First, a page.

1. The Beastly Beginning
The Beastly Beginning
When Ebenezer Tweezer was eleven years old, the world was much younger.
Instead of cars on the streets, there were horses and carriages. In place of phones and computers, people would communicate via letters and hopeful shouting.
There was no such thing as photographs, and so if you were the sort of person who liked to capture the moment whenever you happened to be wearing a nice outfit or eating a pretty meal, you would have to travel around with your own personal portrait artist. Electricity was nothing more than a silly word back then, which meant that you could only read books past bedtime if you had an extensive collection of candles.
In short, it was a pretty rotten time to be alive. And for poor Ebenezer, it was especially rotten, because he was a deeply unpopular child.
It’s hard to say exactly what made him so unpopular. Perhaps it was because he had a smug-looking face, or it might have had something to do with the fact that his outfits were always rather extravagant—filled with ruffles and colorful patterns.
Whatever the reason, it was clear that the other children did not care for young Ebenezer. He was never invited to their feasts, jester jousts, or theater trips, but this didn’t deter him from arriving uninvited. In fact, Ebenezer would spend most afternoons lurking outside the Muddlington Pie Shoppe because he knew that, from time to time, the children would gather there and challenge each other to impromptu pasty-eating competitions.
More often than not, though, Ebenezer would spend entire days outside the pie shop, and no children would arrive. Ebenezer would use the time to practice his conversation skills by talking to the wall. He’d say things like:
“Isn’t it a fine day we’re having?”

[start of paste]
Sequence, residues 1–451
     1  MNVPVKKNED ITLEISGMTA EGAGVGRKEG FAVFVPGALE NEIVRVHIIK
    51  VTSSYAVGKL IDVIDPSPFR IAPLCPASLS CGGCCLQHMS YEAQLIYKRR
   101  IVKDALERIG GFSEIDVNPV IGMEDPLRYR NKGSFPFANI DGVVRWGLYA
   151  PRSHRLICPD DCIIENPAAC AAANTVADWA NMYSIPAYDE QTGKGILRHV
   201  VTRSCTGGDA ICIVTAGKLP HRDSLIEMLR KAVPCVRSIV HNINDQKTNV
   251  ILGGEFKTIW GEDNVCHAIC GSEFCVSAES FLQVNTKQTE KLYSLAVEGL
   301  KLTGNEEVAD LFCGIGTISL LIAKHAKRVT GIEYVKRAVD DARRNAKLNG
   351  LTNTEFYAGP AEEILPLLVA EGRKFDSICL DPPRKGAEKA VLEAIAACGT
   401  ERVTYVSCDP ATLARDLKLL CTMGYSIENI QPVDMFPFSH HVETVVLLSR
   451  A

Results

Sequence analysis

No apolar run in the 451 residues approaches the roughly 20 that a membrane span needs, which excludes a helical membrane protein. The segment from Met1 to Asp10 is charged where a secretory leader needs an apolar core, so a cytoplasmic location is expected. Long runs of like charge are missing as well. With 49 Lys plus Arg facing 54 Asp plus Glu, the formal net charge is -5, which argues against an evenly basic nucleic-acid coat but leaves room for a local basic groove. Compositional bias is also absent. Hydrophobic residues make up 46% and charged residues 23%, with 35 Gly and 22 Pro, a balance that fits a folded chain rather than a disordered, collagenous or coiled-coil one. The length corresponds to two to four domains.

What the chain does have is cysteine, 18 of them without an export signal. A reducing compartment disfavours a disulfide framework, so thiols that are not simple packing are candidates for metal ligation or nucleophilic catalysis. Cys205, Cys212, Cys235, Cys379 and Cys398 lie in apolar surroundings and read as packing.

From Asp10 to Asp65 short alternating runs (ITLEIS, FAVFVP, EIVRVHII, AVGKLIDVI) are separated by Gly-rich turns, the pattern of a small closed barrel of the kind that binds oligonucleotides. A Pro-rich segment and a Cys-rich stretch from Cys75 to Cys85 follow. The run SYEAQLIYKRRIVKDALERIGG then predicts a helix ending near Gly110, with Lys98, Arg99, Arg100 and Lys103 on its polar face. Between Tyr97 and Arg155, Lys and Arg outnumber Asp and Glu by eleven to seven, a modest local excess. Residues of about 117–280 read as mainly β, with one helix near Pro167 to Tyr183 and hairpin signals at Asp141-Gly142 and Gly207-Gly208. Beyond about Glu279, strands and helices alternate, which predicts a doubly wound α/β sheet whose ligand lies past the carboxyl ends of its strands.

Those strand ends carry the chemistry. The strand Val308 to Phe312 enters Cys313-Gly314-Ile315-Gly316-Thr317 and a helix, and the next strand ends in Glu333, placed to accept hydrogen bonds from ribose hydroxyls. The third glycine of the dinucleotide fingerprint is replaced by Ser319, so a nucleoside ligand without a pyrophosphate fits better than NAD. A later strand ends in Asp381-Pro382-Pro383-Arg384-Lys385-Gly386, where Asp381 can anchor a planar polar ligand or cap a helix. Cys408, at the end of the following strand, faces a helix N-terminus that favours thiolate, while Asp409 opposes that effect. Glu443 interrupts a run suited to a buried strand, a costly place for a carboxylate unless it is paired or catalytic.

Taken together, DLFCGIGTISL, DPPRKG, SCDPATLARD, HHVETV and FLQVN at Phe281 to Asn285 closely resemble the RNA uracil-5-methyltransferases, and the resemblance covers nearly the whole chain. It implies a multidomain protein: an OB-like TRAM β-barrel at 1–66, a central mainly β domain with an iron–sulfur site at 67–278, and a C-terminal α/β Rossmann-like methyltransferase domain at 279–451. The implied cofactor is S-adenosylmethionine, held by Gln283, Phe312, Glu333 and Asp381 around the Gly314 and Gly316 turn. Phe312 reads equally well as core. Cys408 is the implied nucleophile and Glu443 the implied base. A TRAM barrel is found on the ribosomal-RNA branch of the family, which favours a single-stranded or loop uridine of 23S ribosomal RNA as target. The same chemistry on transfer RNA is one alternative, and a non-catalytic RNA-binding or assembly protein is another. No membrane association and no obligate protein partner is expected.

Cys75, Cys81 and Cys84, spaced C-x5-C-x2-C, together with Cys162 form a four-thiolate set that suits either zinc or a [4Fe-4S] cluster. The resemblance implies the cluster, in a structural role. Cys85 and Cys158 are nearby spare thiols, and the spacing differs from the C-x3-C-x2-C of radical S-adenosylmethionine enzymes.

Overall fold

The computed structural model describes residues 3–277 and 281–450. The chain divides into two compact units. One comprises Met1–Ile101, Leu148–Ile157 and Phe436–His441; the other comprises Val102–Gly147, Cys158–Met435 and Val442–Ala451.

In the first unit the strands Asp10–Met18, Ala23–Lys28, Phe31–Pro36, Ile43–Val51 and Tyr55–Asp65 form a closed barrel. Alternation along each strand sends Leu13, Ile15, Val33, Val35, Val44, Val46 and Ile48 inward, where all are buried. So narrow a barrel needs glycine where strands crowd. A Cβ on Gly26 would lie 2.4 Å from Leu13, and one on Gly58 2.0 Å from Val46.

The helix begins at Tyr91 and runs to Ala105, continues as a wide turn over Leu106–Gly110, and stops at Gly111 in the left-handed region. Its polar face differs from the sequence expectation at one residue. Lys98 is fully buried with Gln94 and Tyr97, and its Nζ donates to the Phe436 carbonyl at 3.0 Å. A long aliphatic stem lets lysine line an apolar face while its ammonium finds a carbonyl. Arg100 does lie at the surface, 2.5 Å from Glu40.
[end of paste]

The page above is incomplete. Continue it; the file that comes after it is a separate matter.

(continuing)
“Have you seen that new comedy by Willy Whatshisname? No, I didn’t get any of the jokes either.”
“Such a rotter about that plague, isn’t it?”
Invariably, the wall didn’t have anything to say. But Ebenezer didn’t mind, because he saw all these one-sided chats as terribly good warm-ups for the real thing. He was sure that if he could only strike upon the right topic of conversation, or wear the right number of ruffles on his shirt, then the other children would let him join in with their pasty-filled merriment.
On one such day, when he was lurking outside the pie shop, Ebenezer became aware of a commotion taking place in the square. The town crier had given up his usual shouting about the wonderful deals available at his wife’s haberdashery and was now crying something in an urgent voice. Ebenezer wasn’t able to hear the exact words because the commotion and uproar in the street was too loud.
Serious-looking men, wearing some very silly scarlet capes and green stockings, were dismounting from their horses. They each carried a trumpet in their hand, as if it were a weapon, and their faces were grave with worry.
“You there, boy!” shouted one of them. Ebenezer saw there was a crest on the capes, which read DIVISION OF REMOVING RAPSCALLIONS IN SECRET. “Have you seen the deadliest creature that has ever tormented this earth?”
Ebenezer was pretty sure that he would have remembered such a creature, but he was a well-behaved child, and he wanted to be as helpful as possible. It took him about twelve seconds to flick through his memories.
“No, I’m almost certain I haven’t,” said Ebenezer. “Is this a game of hide-and-seek? No one’s agreed to play it with me yet, but I don’t think you’re meant to ask for help.”
“This is no game, boy! If we don’t capture the creature before it regains its strength, there’s no telling what might happen,” said the cape-wearer.
“Oh, deary me,” said Ebenezer. “I wish I could help. But like I said, no creatures have crossed my path. Sorry.”